Dealing with teenagers is hard. One minute they’re smiling, bright, and bubbly. The next, they snap at everything you say and spend an unnatural amount of time in their bedrooms. You can try to tell yourself it’s the hormones, but that doesn’t stop their sharp words hurting. Especially when you try to do everything possible to make them happy. For the most part, your efforts won’t be appreciated, and may, in fact, gain you only resentment. The worst part is that niggling feeling that there’s more than hormones at play. But, how can you tell if there’s something genuine upsetting your teen?
The trick to regaining your teen’s confidence is striking a careful balance. Resist the urge to ask what’s wrong. All this will gain you is a grunted, one-word answer. Worse, your insistence could cause your teen to retreat further. Instead, observe their behavior. Pay attention to simple things, like eating habits. If you notice a sudden decline in appetite or a worsening in mood, it may be that something more is going on. As well as dealing with hormones, teenagers face stress in school and friendships. And, then, there are the never-ending relationship problems.
But, what do you do if you do notice a problem? This is the tricky part. You need to find a way in without seeming overpowering or nosy. Remember that teens are secretive. They’re at a difficult impasse between childhood and independence. It’s as hard for them to understand as it is for you! One thing’s sure; they’re going to do everything possible to keep the problem to themselves. All you can do is show them that you’re there if they need to talk. Make an effort to take an interest in their friends. If you feel the need, ask them about relationships and see what kind of reaction your question gets.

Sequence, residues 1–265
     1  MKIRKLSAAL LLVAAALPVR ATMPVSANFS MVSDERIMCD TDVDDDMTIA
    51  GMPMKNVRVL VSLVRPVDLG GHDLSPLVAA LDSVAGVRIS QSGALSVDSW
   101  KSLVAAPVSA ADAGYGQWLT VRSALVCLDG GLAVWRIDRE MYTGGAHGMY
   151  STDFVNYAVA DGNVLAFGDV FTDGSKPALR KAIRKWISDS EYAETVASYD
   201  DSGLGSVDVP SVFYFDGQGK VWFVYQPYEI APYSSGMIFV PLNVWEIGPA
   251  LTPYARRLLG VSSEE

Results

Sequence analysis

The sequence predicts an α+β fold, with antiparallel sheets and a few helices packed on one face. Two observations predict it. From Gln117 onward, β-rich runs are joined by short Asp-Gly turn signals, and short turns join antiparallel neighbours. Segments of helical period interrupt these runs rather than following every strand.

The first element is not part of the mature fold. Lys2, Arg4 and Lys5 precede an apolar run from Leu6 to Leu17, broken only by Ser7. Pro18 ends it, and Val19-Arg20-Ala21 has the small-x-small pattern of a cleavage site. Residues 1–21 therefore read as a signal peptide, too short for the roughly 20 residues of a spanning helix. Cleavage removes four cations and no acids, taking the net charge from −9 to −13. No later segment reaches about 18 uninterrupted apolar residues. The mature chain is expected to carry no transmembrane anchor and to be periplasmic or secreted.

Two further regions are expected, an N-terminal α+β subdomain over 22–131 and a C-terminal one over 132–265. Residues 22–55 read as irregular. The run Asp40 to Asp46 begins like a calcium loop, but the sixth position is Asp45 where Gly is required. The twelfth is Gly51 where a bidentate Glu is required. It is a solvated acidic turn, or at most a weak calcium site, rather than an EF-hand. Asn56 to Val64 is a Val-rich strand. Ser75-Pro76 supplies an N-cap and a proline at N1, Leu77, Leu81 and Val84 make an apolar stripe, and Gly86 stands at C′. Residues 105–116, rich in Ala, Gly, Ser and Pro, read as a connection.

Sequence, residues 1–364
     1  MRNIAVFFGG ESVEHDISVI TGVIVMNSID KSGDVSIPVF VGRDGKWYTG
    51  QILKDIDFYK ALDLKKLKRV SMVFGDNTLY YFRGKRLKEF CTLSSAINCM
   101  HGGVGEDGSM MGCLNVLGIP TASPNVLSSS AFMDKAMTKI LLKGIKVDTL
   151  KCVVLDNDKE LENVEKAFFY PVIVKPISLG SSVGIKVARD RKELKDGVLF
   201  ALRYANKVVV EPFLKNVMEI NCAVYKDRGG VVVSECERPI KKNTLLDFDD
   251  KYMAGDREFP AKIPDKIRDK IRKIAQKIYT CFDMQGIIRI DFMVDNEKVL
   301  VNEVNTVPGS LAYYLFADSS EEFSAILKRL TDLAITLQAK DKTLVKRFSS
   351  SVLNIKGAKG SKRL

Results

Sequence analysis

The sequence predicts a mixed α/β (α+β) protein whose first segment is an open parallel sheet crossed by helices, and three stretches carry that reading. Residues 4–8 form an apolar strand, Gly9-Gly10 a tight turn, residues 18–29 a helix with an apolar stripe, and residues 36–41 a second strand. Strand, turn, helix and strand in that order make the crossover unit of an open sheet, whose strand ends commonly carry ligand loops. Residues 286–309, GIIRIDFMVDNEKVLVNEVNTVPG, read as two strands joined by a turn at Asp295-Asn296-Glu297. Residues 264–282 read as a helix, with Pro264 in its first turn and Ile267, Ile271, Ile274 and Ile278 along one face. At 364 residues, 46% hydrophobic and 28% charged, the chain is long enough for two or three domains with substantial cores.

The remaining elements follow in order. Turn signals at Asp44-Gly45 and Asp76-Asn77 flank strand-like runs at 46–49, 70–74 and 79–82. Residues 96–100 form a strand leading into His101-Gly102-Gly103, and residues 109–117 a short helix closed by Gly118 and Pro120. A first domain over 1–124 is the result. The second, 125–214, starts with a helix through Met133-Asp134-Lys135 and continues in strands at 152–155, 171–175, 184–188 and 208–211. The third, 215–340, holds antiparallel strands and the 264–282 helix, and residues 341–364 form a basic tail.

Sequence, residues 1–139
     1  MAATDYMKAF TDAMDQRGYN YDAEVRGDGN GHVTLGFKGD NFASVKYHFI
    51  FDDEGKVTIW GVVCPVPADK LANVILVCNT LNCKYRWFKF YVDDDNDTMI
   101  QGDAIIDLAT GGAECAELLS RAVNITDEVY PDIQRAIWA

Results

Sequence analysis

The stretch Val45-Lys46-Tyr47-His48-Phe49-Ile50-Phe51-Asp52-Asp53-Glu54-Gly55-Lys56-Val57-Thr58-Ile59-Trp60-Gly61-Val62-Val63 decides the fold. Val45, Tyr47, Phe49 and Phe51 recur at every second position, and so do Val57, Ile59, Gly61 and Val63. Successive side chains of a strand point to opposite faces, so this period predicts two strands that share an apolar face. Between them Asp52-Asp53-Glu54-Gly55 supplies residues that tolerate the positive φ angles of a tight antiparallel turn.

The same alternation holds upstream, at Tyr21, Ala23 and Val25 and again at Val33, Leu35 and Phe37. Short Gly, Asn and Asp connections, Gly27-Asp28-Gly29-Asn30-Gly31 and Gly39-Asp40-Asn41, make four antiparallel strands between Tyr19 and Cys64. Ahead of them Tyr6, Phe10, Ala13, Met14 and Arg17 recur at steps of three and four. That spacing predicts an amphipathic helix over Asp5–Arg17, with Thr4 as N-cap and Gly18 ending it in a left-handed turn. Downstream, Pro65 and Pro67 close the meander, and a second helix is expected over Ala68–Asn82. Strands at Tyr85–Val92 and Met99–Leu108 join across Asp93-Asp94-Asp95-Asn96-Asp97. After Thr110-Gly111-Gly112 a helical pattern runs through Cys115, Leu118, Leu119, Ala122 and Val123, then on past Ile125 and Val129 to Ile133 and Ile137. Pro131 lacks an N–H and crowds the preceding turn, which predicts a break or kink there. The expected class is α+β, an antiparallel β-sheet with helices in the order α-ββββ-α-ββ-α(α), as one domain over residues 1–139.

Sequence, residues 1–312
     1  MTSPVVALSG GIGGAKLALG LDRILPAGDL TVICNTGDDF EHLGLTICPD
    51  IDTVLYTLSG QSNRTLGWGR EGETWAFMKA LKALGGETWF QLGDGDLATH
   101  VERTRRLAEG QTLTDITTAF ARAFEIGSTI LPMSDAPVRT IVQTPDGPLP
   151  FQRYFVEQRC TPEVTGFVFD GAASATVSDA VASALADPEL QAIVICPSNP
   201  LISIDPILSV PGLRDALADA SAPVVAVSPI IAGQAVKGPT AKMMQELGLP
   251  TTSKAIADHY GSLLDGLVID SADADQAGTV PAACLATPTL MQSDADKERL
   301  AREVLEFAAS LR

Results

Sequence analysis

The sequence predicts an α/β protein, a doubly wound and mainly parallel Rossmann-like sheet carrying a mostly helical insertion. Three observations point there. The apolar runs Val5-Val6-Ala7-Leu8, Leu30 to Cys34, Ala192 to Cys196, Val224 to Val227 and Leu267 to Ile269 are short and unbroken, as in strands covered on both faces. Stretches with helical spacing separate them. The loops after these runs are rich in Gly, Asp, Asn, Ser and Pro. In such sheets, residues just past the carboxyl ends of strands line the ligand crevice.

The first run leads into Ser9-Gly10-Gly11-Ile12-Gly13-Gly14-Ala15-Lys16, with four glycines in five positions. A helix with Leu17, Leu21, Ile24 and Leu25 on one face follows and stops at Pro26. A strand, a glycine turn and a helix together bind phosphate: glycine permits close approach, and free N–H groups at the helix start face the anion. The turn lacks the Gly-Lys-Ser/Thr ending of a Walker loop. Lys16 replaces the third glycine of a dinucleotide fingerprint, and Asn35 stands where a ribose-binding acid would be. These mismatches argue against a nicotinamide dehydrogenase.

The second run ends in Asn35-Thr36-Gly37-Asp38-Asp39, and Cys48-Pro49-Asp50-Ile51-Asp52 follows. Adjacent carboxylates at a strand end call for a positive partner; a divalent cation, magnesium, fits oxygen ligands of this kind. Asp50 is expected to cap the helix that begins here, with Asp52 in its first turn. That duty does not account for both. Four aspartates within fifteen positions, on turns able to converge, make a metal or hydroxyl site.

If a problem is affecting your teen enough, the chances are they’ll come to you with it in their own time. Once you know what’s happening, you need to consider how best to move forward. Judge whether the issue will blow over, or whether it needs more extreme action. If your teen is being bullied or is involved in a dangerous situation they can’t get out of, you need to act. Whether that be talking to their school, or packing up and hiring movers to go someplace new. This may seem extreme, but this is your child’s safety you’re considering. Bad crowds can be impossible to get away from, and you won’t be able to protect your teen forever. If you think you can make a better life for them elsewhere, you shouldn’t hesitate.
For the most part, though, it’s important you listen when your teen approaches you with a problem. It may shock you, and make you feel as though your child is living a life you never knew about. But, it’s important you react in a calm manner. Together, you’re sure to be able to come up with a solution.